I seem to remember largely sniffy reviews when this was released in Britain, dismissing it as a TV movie. It’s more than that, or rather TV movies are more than that, as the hidden histories that they present are often far more entertaining and informative than any number of crashy-crashy-bang blockbusters.
This tale of ‘I never knew that” is based on the fairly recent case of the ‘granny spy’ who was charged of passing on military secrets to the Russians. It is largely told in flashback from the POV of a shocked but not befuddled Judi Dench who finds reminiscing her past more engaging than her police interview.
We spring back to Cambridge university in the 1930s. War is imminent and young Joan falls in with Sonya and Leo, charming cousins who also happen to be Russian Jews and communists. She starts an affair with Leo. When war is declared, Leo is interned as an enemy alien and Sonya flees to Switzerland.
Joan starts work on the British atom bomb project and is treated by most people as if she’s there to make the tea, even though she’s just graduated with a First in Physics. Leo reappears and tries to get her to “share” information with the Russians. She refuses, citing scientific neutrality, which is severely challenged by a couple of hundred thousand deaths in Hiroshima and Nagasaki. She begins, reluctantly, to take a camera into work.
Here she finds a way of exploiting the pervading everyday sexism and prudishness. When she thinks she’s being followed, she slips into a women’s clothes shop, confident that no man would follow her in. When she wants to smuggle anything out, she knows that if she puts it in a box of sanitary towels, she’ll be safe.
Why does she do all this? If the film’s to be believed, it’s because of a nascent multilateralism: the idea that if the West has nuclear weapons, we need to give some to the Soviet union to even things out. I can go along with that (people have acted on much crazier ideas) but only so far.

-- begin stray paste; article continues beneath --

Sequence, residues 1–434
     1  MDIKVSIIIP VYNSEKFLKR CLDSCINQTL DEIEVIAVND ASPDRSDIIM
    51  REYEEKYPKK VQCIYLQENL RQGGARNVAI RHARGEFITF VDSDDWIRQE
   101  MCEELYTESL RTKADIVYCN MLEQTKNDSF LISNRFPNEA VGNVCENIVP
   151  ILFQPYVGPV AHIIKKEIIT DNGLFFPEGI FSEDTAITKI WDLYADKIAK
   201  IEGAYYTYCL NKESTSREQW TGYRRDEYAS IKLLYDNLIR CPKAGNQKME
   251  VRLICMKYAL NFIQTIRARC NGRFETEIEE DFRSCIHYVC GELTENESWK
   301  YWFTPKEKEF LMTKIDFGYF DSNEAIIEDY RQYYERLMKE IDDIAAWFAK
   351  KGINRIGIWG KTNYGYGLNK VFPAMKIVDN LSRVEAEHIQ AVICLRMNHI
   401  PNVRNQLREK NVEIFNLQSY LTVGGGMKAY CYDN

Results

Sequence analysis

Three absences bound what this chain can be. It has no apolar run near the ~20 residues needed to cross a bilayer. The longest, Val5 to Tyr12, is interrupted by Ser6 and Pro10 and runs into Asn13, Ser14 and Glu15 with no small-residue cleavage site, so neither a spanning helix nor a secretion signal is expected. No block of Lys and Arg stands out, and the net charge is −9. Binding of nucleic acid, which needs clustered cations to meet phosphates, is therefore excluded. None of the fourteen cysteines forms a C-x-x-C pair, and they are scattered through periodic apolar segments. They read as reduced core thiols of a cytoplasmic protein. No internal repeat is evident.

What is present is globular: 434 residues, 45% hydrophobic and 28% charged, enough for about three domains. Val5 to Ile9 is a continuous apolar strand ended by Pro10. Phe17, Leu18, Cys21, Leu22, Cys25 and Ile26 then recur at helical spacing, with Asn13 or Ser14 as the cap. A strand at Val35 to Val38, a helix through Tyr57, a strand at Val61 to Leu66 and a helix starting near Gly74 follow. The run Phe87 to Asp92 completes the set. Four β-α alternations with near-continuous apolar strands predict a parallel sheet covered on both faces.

The film seems to have an unspoken distrust of all foreign governments – the Russians are murderous, the US-Americans arrogant, and the Canadians aren’t to be trusted. Now all these things are, to a greater or lesser extent, true, and there are many people who can believe this, without noting the beam in their eye of the Colonial British government. Many people, maybe, but are we really expected to believe that Joan risked her career for an abstract sense of justice, but saw absolutely no fault in her own government? But even mentioning the fact that Britain even employed equivalent spies seems to be way off limits.
This apparent naivety risks the credibility of what seems to be a reasonably accurate telling of Joan’s story. Great pains are taken to show that she may have gone to the occasional communist party film screening, but that was only because she fancied Leo. It’s as if the director and writer thought that by giving Joan ideas of her own it would sully the idea of her as an impartial idealist.
Yet when it comes to physics, the film celebrates the fact that Joan is brimming with ideas. Nonetheless this is one false step in a generally enjoyable film. Theres nothing earth shattering here, nor are there any fancy camera angles, but it’s an interesting tale, well told.